15.The legislative arm of the government is a bicameral parliament comprising of the national legislative assembly and the council of States. The Council of States consists of 50 members drawn from 50 constituencies while the national legislative assembly is currently made up of 450 members. In addition to law making, the Legislature has an oversight function over the functioning of the national government. It approves executive policies and budget, ratifies international treaties and agreements and can pass a vote of no confidence against the vice- presidents and any cabinet minister.

Legal System

16.South Sudan legal system is based on common law tradition, with judiciary headed by chief justice. The judiciary budget is charged directly from the country-consolidated funds. The Supreme Court is the highest court of the land. All other courts in the State have both civil and criminal jurisdictions. The courts of appeal and the high courts are considered as second-tier courts. The chief justice may, by warrant, establish special court to try specific cases as the needs may arise.

Sources of Law

17.South Sudan has a pluralistic legal system with five sources of law: The Transitional Constitution; written laws; customs and traditions of the people; the will of the people and any other relevant source. Customary court system is recognised as a source of law under the Transitional Constitution and it operates alongside the statutory justice system. Although the customary laws of many ethnic groups in the country tend to have commonalities, each customary court has its own discrete customs to apply.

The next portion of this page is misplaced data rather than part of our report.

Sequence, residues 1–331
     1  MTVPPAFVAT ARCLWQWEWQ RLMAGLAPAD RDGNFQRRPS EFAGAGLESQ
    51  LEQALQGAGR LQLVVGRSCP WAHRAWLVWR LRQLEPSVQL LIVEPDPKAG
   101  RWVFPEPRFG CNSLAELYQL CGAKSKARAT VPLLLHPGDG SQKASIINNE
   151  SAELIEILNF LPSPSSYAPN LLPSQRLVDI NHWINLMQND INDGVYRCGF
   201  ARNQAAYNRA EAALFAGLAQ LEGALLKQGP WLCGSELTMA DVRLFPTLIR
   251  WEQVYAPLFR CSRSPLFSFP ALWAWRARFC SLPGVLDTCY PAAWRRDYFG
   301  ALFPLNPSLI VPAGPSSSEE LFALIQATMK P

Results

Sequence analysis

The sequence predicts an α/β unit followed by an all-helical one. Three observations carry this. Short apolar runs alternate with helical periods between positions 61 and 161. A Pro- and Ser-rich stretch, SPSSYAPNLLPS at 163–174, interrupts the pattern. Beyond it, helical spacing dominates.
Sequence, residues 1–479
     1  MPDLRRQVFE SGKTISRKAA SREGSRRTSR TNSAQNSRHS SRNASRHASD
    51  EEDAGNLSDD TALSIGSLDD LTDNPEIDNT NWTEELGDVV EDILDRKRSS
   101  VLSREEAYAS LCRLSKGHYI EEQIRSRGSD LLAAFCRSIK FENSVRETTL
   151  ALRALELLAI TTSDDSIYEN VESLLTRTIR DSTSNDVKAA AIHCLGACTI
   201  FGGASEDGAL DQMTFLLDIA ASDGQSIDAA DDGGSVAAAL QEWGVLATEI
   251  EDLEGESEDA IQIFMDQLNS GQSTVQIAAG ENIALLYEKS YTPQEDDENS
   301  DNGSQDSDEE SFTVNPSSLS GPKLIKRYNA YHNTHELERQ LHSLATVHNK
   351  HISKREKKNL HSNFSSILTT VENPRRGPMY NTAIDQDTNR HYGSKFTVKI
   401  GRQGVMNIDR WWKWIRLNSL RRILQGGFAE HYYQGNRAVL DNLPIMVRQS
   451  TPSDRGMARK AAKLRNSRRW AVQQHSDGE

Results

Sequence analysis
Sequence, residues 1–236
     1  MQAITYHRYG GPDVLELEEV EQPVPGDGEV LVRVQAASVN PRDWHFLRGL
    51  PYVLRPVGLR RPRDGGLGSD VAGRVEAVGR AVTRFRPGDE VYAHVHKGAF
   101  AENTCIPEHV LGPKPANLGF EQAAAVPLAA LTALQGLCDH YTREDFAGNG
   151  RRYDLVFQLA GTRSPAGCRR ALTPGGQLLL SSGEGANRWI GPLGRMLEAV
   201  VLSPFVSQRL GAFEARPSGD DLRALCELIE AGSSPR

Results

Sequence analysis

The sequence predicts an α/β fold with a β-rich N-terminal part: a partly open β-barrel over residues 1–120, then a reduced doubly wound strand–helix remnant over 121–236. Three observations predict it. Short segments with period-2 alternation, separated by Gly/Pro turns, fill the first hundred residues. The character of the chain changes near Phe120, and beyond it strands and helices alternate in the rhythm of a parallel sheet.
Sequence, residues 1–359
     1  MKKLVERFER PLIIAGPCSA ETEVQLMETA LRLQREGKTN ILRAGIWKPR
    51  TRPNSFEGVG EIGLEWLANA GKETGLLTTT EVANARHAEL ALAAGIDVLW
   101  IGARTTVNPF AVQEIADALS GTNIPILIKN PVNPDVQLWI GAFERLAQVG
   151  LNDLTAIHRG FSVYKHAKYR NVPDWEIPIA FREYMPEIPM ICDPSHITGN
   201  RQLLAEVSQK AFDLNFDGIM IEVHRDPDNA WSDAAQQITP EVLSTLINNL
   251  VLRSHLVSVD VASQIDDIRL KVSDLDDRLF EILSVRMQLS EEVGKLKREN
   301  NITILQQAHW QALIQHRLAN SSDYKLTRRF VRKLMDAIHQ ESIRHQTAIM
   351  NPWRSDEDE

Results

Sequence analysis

Electoral System

18.The National Elections Act, 2012 regulates the electoral system. Although, no election has been held since independence, there is a National Elections Commission of eight members, of which only one person is female. There are twenty-eight registered political parties of which only two are headed by women.

Non-Governmental Organizations (NGO)

19.Non-governmental organisations activities are regulated by the Non- Governmental Organisation Act, 2016. The Act is a direct implementation of Article 52 of the Transitional Constitution. It provides a regulatory framework for the registration, co-ordination and monitoring of operations of non-governmental organizations.

D.Country obligation to implement human rights Provisions

20.The Government has ratified or acceded to various regional and international human rights instruments with the aim of promoting and protecting the human rights of all citizens. In accordance with the Constitution, Government has accepted to be bound by the recognized the precedence of universally principles of international law and ensures its legislation is consistent with those principles.

21.The Transitional Constitution 2011(as amended) contains in Part Two, the Bill of Rights and fundamental freedoms derived from the international and regional human rights instruments ratified or acceded to by the country.

National human rights institutions

22.South Sudan Human Rights Commission is established by the Transitional Constitution Art. 145 to promote and protect human rights and fundamental freedoms through education and research, monitoring and investigations. The South Sudan Human Rights Commission Act 2009 provides for the mandate and guide the operations of the institution.

23.Below are additional institutions that promote and protect human rights


Name of institution